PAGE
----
Among 2018’s musical anniversaries, the centenary of Leonard Bernstein’s birth in 1918 has offered an opportunity for musicians and music lovers to reassess his extraordinary contribution to music over the last century.
How fitting that Boosey & Hawkes music publishers in conjunction with the Leonard Bernstein Music Publishing Company and Hal Leonard have celebrated with the publication of Selected Anniversaries for Piano, a superb new collection of Bernstein’s solo piano music featuring 16 pieces suitable for players of around UK Grade 5-7 level, and including excellent support material and online tuition videos, all the work of editor Michael Mizrahi.
Let’s take a closer look…
The cover design and illustration immediately identifies this new publication as the younger sibling of Immanuela Gruenberg’s outstanding edition of Bartók’s The First Term at the Piano, published by Boosey & Hawkes and Hal Leonard last year, and given an enthusiastic review by me here.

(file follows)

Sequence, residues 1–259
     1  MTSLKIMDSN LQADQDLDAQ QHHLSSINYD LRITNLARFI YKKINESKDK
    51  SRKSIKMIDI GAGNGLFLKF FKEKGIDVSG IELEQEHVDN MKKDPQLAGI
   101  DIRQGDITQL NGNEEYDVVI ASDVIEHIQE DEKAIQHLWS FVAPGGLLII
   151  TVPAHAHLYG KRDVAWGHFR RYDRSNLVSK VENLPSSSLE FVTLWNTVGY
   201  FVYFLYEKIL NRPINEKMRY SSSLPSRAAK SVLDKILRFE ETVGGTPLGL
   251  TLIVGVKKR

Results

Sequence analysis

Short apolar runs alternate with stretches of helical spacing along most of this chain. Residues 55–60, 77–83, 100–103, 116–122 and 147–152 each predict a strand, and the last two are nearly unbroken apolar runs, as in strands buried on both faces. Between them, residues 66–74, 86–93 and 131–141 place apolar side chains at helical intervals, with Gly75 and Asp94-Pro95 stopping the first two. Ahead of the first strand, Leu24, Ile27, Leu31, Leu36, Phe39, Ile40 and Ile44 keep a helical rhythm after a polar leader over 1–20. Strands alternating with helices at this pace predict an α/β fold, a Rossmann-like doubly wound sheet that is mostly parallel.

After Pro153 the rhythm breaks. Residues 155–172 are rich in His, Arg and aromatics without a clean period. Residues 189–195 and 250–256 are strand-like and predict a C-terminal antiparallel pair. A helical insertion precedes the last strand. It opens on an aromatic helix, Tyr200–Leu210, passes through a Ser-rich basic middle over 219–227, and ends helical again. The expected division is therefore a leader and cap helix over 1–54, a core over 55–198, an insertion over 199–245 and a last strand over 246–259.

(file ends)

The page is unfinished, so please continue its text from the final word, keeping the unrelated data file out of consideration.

Happily, the likeness is not skin deep; within, the publication follows the same superb aesthetic as its predecessor. The glossy and sturdy cover opens to a 48 page book printed on cream paper, with outstanding presentation throughout.
The initial contents pages and information about the online video tutorials are followed by a nine-page introduction crammed with useful information about the composer and his music. A two-page biography offers a suitably detailed celebration of Bernstein’s life and career. Next there’s the “Historical and Pedagogical Commentary”, which begins with a two-page overview of the composer’s relationship with the piano and the background to the Anniversaries.
The remaining five pages offer more detailed observations and advice about each of the 16 pieces selected for the publication. The advice here is well-written and genuinely useful; it will be welcomed as much by teachers and students as by musicians discovering these pieces on their own.
The music itself, newly researched, edited and engraved for this publication, is beautifully presented, with crystal clear, well-spaced notation. Fingerings are included throughout.